There are several ways to trade moving averages. Some traders trade the extreme standard deviations from the moving average. Because the probability is high that price will snap back to it. As it did in 2009. Or even longer to the other side. But those are not trendtrades, which is what I use moving averages for.

How I trade moving averages

I think price itself is the best indicator for where it is going. So I don’t trade moving averages all on their own. I use them alongside other indicators, fundamentals and above all else price. But I try to not overcomplicate things. And I use moving averages to gauge and confirm the primary trend. And then to find good entry points in that existing trend.

The reason why I believe a simple moving average can be so useful is that it simplifies the way we look at an uptrend. In this picture we can see that Berkshire Hathaway, which I have written an extensive fundamental analysis about here, is in a long term uptrend:

There are three obvious uptrends in this daily Chart of Berkshire Hathaway. One from 2009 to 2011, the second from 2012 to 2015 and the third from 2016 which is to be continued. – Chart provided by TradingView

Why is this a long term uptrend? Because the 200 weekly simple moving average is moving up over the long run. Simple as that. Good entry points might be when the trend snaps below it or comes close to the average. Or to look for breakouts into new highs, inside the existing trend. And good points for profit taking might be when price deviates a lot from the average on the upside. And when it starts to point down you need to start worrying. When that happens other indicators and tools should be used for gauging if the trend will continue or not.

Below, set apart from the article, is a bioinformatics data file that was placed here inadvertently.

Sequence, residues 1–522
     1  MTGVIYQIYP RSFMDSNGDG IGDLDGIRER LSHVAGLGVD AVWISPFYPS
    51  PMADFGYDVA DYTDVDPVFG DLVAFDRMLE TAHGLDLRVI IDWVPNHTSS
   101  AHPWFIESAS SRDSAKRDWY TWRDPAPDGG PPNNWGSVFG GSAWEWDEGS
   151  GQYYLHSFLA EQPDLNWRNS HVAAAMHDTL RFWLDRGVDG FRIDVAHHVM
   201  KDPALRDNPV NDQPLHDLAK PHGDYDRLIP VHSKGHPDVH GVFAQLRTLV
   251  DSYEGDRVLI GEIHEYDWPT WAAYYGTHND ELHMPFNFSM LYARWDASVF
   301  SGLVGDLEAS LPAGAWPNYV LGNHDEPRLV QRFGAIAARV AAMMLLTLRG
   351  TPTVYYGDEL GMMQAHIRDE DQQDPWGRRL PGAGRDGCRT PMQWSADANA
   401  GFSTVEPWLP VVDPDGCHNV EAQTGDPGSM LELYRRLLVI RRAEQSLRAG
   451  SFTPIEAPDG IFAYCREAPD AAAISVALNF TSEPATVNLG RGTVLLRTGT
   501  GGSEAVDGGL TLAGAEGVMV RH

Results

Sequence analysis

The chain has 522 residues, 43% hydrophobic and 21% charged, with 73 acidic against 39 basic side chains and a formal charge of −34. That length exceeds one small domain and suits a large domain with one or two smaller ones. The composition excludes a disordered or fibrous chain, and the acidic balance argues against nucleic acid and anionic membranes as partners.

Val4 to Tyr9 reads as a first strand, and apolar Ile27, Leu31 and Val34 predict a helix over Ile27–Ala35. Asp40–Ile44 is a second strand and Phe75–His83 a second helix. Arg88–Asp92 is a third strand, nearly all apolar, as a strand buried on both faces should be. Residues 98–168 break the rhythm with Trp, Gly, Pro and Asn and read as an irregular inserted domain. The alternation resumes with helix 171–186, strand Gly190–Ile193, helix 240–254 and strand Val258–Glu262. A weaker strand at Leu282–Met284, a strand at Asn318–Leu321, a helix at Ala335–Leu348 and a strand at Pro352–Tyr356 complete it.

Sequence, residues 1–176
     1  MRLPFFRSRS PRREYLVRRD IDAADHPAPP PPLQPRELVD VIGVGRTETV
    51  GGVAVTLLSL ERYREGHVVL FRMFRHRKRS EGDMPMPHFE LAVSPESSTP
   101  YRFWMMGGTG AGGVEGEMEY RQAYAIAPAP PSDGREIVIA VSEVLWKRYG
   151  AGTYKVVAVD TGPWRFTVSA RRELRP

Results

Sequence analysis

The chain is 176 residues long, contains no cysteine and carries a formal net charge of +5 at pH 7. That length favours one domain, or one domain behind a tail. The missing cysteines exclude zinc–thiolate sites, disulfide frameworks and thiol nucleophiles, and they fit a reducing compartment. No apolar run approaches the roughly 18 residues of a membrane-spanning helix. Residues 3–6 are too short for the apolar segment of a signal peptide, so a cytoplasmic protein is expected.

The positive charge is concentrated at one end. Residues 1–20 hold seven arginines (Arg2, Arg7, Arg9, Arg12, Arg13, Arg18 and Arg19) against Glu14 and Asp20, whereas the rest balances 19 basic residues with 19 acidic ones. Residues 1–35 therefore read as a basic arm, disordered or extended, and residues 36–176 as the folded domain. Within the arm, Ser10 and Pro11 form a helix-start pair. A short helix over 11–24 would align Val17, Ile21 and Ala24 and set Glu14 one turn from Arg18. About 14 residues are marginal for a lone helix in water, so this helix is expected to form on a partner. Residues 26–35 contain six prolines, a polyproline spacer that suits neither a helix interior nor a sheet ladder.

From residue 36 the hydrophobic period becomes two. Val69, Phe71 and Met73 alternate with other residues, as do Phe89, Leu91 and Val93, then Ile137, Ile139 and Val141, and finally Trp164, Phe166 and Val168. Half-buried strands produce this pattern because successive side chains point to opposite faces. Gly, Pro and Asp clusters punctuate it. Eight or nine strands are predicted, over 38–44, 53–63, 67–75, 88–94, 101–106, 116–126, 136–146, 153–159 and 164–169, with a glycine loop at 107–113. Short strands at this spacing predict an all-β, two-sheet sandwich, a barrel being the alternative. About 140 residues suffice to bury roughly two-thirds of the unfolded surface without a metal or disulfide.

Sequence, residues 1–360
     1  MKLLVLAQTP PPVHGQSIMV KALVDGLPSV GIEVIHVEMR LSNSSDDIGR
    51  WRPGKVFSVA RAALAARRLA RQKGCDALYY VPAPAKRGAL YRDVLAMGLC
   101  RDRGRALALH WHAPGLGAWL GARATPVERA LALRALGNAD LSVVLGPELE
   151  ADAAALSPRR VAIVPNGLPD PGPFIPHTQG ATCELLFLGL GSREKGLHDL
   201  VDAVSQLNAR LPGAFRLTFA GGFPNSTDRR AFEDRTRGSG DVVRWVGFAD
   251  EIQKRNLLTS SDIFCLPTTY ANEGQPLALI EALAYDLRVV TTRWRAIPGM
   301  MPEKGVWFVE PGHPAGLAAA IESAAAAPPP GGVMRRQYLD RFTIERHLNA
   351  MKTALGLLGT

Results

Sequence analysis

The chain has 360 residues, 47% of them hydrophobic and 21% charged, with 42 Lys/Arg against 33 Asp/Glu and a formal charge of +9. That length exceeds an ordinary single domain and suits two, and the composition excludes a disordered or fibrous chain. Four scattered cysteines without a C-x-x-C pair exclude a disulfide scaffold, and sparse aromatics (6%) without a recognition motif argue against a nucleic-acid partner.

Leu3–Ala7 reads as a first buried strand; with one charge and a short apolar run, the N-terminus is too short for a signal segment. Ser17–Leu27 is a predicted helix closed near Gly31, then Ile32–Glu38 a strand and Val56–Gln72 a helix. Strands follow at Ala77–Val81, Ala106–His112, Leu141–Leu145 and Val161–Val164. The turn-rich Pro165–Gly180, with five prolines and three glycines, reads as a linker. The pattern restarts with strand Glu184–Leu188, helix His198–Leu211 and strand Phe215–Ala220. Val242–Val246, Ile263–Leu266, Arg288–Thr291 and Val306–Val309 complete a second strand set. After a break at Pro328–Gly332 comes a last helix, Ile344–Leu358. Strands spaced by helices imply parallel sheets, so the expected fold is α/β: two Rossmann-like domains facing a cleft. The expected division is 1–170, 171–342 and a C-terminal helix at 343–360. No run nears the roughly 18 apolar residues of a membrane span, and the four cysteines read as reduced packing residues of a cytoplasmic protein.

The 200 day moving average can sometimes act as important support in an uptrend. But this differ between stocks. For Facebook it has acted as support twice in 2019:

Facebook stock
The 200 day moving average acting as support twice for Facebook – Chart from TradingView

Now, caution is adviced when trading these support areas. And some stocks trades right through them without stopping. Because moving averages are basically just lines. Sometimes they are important. Sometimes not. It depends on the personality of the individual stock.